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originally posted by: odzeandennz
the US and China and Japan are soon to follow in the alternative energy race.
Commissioned in 1963, Ffestiniog Power Station was the UK's first major pumped storage power facility. Although of an older generation to those at Dinorwig, Ffestiniog's four generating units are still capable of achieving a combined output of 360MW of electricity - enough to supply the entire power needs of North Wales for several hours.
When it was fully commissioned in 1984, Dinorwig Power Station was regarded as one of the world's most imaginative engineering and environmental project.
. . .
Dinorwig's reversible pump/turbines are capable of reaching maximum generation in less than 16 seconds. Using off-peak electricity the six units are reversed as pumps to transport water from the lower reservoir, back to Marchlyn Mawr.
. . .
Pump storage generation offers a critical back-up facility during periods of excessive demand on the national grid system.
Britain has four pumped storage facilities, which can store 30 GWh be-
tween them (table 26.4, figure 26.6). They are typically used to store excess
electricity at night, then return it during the day, especially at moments of
peak demand – a profitable business, as figure 26.5 shows. The Dinorwig
power station – an astonishing cathedral inside a mountain in Snowdonia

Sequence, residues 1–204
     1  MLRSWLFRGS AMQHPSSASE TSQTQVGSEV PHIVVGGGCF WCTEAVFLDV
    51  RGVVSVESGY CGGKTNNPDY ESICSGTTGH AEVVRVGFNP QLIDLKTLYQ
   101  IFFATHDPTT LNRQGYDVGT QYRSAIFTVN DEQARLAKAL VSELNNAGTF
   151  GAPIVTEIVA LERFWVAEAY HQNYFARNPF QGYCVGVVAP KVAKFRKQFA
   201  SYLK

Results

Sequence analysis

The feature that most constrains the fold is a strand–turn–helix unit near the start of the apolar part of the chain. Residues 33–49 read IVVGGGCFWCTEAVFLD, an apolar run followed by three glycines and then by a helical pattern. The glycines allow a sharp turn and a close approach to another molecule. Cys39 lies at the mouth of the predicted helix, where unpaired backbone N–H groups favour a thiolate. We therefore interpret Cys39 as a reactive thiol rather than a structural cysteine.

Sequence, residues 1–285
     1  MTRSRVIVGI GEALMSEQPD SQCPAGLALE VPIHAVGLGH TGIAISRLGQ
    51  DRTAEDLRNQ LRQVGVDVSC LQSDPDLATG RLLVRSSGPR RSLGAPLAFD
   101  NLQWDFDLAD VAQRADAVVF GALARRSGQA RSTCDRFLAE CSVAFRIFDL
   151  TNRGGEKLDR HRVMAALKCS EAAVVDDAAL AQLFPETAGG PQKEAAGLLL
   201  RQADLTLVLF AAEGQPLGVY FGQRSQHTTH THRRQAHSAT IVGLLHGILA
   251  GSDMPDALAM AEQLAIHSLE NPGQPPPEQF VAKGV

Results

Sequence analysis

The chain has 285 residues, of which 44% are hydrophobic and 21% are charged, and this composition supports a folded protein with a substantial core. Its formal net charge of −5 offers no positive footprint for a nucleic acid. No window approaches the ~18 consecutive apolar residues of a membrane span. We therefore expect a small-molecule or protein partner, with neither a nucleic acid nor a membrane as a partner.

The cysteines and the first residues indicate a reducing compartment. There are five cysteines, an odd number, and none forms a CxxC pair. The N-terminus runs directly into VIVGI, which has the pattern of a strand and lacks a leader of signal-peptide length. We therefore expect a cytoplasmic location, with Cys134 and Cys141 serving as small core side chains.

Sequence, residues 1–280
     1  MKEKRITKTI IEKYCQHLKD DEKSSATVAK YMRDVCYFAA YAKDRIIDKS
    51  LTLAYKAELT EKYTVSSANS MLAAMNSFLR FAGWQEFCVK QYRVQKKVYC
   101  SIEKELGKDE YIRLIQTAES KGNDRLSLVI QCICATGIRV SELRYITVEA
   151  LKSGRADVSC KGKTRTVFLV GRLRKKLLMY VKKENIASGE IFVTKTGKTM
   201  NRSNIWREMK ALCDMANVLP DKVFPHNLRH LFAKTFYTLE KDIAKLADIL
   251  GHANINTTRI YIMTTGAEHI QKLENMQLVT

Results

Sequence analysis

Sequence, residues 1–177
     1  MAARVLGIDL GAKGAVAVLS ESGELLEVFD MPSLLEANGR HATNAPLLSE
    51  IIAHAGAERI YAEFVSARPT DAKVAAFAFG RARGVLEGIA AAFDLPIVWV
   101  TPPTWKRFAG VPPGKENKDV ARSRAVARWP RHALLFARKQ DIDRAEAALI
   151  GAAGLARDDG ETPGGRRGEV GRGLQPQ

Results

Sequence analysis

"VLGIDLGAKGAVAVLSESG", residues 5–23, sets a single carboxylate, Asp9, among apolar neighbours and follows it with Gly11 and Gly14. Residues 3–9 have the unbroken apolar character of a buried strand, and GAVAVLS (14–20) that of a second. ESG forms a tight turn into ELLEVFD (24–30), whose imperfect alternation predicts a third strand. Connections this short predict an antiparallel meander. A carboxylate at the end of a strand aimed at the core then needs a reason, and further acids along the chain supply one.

– also plays an insurance role: it has enough oomph to restart the national
grid in the event of a major failure. Dinorwig can switch on, from 0 to
1.3 GW power, in 12 seconds.
Dinorwig is the Queen of the four facilities. Let’s review her vital statis-
tics. The total energy that can be stored in Dinorwig is about 9 GWh. Its
upper lake is about 500 m above the lower, and the working volume of 7
million m3 flows at a maximum rate of 390 m3/s, allowing power delivery
at 1.7 GW for 5 hours. The efficiency of this storage system is 75%.
If all four pumped storage stations are switched on simultaneously,
they can produce a power of 2.8 GW. They can switch on extremely fast,
coping with any slew rate that demand-fluctuations or wind-fluctuations
could come up with. However the capacity of 2.8 GW is not enough to
replace 10 GW or 33 GW of wind power if it suddenly went missing. Nor
is the total energy stored (30 GWh) anywhere near the 1200 GWh we are
interested in storing in order to make it through a big lull.
Pumped storage is a well proven technology in use in Scotland and across the world. The Cruachan station on Loch Awe became fully operational in 1967 and was the first reversible pump storage hydro system to be built in the world. Cruachan generated 885 GWh of electricity in 2008
The Foyers hydro electric scheme was originally built by the british Aluminium Company in 1896 to power an aluminium smelter and was the first large-scale commercial hydro-electric scheme in the UK. It was redeveloped to focus on pumped-storage in 1969.
originally posted by: quercusrex
a reply to: Bedlam
I always looked at coal as the ultimate in solar energy storage mechanisms. Big chunks of solar power all preserved neatly.
Just power up a gas-powered turbine and *bam* you have megawatts in seconds.
originally posted by: SLAYER69
From what I've read, Fusion power will hopefully be a reality in our lifetime...
Nuclear fusion nears efficiency break-even
Lockheed says makes breakthrough on Fusion Energy project